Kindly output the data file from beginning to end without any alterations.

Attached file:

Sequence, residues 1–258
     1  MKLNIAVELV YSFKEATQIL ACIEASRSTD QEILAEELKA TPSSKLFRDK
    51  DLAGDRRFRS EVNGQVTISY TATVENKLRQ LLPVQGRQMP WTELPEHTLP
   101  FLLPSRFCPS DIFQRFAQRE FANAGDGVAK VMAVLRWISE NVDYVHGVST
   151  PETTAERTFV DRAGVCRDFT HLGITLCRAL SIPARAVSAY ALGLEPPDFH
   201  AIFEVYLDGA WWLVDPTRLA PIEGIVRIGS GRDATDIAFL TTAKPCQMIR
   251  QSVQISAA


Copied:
Sequence, residues 1–258
     1  MKLNIAVELV YSFKEATQIL ACIEASRSTD QEILAEELKA TPSSKLFRDK
    51  DLAGDRRFRS EVNGQVTISY TATVENKLRQ LLPVQGRQMP WTELPEHTLP
   101  FLLPSRFCPS DIFQRFAQRE FANAGDGVAK VMAVLRWISE NVDYVHGVST
   151  PETTAERTFV DRAGVCRDFT HLGITLCRAL SIPARAVSAY ALGLEPPDFH
   201  AIFEVYLDGA WWLVDPTRLA PIEGIVRIGS GRDATDIAFL TTAKPCQMIR
   251  QSVQISAA